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Elected officials often visit Oregon Catalyst. They read your comments to find out what is on the minds of the voters in the state. The final list of candidates is now out. Do you have any pearls of wisdom for them as they campaign for your vote?

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Posted by at 08:09 | Posted in Measure 37 | 14 Comments |Email This Post Email This Post |Print This Post Print This Post
  • Sybella

    Yes, I have a comment. Governmental policy has destroyed business in our state. Look at the loss of the jobs because of the green movement. Nothing wrong with taking care of things, but the movement is destroying not saving. I hear the Democrats holler change. They don’t change anything. What do they want to change? I don’t think you do. If you did you would work towards building our business and timber business back up. Let the market provide the jobs and you guys sit down, quit trying to legislate every facet of our lives. We can actually do it if government is not interfering at every turn.

  • Dave Porter

    I’ve posted here at Oregon Catalyst as a advocate of more Chinese Mandarin and study abroad in China programs in Oregon public schools. China is again in the headlines, now regarding Tibet. But I encourage us all to take a longer view and to look to our strategic options regarding China. The rise of China (and of Asia more generally) is a central reality of the 21st century. My question to all candidates (federal, state and local) is: “During the lifetime of today’s students, China’s economy could grow to be 2-3 times the size of the US economy. And China could develop a modernized military to match its economy. What does this rise of China mean for Oregon (or Portland or the district of the candidate)? What should we be doing now? And, are you satisfied that less than 1% of Oregon students study Mandarin?”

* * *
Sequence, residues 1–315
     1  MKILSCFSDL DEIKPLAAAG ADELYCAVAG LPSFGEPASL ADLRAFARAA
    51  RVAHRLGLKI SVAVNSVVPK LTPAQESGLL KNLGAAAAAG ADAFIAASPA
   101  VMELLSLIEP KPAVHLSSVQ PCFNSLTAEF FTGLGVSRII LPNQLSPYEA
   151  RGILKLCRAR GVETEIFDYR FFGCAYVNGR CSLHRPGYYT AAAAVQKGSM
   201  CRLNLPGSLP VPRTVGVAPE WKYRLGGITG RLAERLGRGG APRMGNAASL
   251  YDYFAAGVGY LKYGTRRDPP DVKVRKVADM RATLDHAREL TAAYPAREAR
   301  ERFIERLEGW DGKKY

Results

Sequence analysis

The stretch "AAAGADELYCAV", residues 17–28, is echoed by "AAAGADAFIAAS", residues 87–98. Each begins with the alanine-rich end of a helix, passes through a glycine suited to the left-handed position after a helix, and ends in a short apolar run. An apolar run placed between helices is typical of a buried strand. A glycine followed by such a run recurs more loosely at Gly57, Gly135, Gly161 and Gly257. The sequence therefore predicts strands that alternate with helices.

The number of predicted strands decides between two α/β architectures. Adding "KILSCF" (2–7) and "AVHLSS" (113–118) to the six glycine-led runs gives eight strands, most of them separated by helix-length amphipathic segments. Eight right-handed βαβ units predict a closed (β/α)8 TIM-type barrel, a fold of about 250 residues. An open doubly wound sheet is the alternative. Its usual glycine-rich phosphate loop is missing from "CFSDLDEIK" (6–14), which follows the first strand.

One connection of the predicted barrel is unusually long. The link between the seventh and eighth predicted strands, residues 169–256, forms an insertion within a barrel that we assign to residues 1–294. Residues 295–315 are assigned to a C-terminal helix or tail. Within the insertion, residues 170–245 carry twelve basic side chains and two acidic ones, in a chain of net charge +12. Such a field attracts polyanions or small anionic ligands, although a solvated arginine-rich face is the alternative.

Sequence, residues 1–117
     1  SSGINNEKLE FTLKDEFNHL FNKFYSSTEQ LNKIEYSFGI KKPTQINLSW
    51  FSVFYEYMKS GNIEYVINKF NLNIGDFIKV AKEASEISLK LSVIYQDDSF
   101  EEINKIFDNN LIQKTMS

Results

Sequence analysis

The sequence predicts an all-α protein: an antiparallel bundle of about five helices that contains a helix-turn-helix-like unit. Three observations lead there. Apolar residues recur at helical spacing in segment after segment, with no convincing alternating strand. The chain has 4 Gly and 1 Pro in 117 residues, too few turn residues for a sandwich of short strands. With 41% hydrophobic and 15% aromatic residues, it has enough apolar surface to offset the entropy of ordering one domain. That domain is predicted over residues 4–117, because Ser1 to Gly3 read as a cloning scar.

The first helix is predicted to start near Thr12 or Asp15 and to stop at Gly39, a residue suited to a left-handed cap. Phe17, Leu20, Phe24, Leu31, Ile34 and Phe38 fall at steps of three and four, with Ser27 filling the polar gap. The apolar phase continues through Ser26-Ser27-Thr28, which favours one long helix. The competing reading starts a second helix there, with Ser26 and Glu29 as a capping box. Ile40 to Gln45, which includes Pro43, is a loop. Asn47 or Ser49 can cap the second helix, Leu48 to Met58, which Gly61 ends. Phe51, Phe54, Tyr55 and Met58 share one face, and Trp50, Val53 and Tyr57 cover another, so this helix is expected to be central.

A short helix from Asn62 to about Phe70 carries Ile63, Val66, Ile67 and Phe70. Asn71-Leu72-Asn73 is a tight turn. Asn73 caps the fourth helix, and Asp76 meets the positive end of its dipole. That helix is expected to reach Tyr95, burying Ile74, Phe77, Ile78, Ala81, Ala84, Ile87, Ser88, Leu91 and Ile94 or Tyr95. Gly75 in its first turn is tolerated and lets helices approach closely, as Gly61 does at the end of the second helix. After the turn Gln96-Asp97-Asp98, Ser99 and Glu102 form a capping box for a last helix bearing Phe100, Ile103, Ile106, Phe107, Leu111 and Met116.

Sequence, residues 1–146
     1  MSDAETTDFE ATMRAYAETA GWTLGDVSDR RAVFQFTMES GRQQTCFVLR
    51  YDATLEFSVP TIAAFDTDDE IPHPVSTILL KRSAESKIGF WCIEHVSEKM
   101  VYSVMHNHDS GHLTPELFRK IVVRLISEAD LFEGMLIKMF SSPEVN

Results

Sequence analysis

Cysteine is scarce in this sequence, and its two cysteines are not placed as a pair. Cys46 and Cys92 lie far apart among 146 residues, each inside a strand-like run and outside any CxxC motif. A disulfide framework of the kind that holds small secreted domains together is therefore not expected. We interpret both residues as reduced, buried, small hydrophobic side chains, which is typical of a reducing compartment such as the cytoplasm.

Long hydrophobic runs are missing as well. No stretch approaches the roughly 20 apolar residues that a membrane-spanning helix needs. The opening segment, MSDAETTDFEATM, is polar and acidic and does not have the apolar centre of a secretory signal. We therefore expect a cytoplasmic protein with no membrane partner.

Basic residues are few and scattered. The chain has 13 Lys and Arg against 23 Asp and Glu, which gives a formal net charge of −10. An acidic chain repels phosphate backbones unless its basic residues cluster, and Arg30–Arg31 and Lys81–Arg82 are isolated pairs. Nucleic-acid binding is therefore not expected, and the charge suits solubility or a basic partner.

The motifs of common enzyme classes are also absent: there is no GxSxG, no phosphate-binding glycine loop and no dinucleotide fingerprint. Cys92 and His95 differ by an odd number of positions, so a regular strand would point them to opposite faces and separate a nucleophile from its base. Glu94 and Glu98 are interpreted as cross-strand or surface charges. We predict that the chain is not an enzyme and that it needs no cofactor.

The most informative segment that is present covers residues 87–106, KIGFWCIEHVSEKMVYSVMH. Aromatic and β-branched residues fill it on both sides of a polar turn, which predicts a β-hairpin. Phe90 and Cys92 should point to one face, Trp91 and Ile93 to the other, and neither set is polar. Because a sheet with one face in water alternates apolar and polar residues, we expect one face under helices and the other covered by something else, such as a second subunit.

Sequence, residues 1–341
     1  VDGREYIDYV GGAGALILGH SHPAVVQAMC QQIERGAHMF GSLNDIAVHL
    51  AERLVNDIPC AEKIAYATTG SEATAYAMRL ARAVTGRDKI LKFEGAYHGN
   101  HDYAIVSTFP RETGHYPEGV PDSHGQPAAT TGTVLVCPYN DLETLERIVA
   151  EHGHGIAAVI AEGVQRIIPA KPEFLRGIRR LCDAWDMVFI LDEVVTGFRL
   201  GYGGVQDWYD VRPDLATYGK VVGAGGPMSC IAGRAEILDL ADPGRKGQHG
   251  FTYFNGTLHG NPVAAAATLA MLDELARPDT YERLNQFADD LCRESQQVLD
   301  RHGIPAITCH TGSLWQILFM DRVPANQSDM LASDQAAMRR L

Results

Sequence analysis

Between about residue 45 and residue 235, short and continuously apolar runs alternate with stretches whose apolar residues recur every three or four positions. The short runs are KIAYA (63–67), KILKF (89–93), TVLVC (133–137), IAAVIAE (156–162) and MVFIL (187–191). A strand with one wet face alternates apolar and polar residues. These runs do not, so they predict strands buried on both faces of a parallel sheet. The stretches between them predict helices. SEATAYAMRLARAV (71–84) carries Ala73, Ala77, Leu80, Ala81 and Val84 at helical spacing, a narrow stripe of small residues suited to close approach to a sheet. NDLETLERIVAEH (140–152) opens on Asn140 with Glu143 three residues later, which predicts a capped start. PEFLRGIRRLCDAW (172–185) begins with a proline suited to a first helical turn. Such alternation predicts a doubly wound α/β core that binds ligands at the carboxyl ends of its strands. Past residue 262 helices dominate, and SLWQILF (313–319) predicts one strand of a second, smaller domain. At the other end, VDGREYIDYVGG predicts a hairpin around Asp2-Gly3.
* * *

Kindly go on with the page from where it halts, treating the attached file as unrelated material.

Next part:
Your post is full of a lot of “Coulds” and could be used to describe India also. All of your coulds, could also never happen, which has a much greater possibility.

      Quit listening to the hype, China has no ability to make any marked upgrades to its conventional military forces. Nothing the have or will ever have will come close to the equipment that the US and its allies currently have, yet alone what will be upgraded in the future.

      As for their economy, they are quickly destroying and polluting their natural resources. Almost all of their fresh water is posioned due to industrial and ag. run-off.

      90% of Chinas population live in 10% of it land because the rest is undevelopable.

      It’s current GDP is now sligtly higher than Italy’s.

      As for offering a class ( as long as its not mandated) on Mandarin, I have no opinion, knowledge is a good thing.

  • Jerry

    How about being honest when in office, not doing what is best for you but best for the state and its citizens, not trying to control our lives, not trying to destroy small business, improving our roads, making sure we are safe, bring competition to government, reduce size of government, reduce state spending, reduce taxes, don’t hold fake emergency sessions, don’t use campaign money for your own personal use, treat others as you would wish to be treated.